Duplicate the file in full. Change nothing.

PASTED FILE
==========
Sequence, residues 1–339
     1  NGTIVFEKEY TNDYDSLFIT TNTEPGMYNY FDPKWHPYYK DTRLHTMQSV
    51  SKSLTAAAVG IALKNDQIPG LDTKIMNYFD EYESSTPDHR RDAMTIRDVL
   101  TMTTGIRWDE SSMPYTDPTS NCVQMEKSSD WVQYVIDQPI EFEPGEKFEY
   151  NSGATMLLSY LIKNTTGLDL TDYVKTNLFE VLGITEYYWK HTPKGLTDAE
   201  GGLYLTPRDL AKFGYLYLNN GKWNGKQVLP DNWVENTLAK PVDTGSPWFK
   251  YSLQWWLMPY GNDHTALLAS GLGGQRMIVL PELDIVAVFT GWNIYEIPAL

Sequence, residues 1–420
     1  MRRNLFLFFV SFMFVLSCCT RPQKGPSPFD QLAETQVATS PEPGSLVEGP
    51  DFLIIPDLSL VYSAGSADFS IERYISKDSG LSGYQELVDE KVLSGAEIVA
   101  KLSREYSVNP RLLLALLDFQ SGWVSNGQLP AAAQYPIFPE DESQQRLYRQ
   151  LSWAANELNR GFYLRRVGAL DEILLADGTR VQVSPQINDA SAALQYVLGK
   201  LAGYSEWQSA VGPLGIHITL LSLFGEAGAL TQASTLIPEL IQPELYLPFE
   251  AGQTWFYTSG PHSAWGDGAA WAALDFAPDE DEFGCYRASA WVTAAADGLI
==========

Sequence, residues 1–339
     1  NGTIVFEKEY TNDYDSLFIT TNTEPGMYNY FDPKWHPYYK DTRLHTMQSV
    51  SKSLTAAAVG IALKNDQIPG LDTKIMNYFD EYESSTPDHR RDAMTIRDVL
   101  TMTTGIRWDE SSMPYTDPTS NCVQMEKSSD WVQYVIDQPI EFEPGEKFEY
   151  NSGATMLLSY LIKNTTGLDL TDYVKTNLFE VLGITEYYWK HTPKGLTDAE
   201  GGLYLTPRDL AKFGYLYLNN GKWNGKQVLP DNWVENTLAK PVDTGSPWFK
   251  YSLQWWLMPY GNDHTALLAS GLGGQRMIVL PELDIVAVFT GWNIYEIPAL

Sequence, residues 1–420
     1  MRRNLFLFFV SFMFVLSCCT RPQKGPSPFD QLAETQVATS PEPGSLVEGP
    51  DFLIIPDLSL VYSAGSADFS IERYISKDSG LSGYQELVDE KVLSGAEIVA
   101  KLSREYSVNP RLLLALLDFQ SGWVSNGQLP AAAQYPIFPE DESQQRLYRQ
   151  LSWAANELNR GFYLRRVGAL DEILLADGTR VQVSPQINDA SAALQYVLGK
   201  LAGYSEWQSA VGPLGIHITL LSLFGEAGAL TQASTLIPEL IQPELYLPFE
   251  AGQTWFYTSG PHSAWGDGAA WAALDFAPDE DEFGCYRASA WVTAAADGLI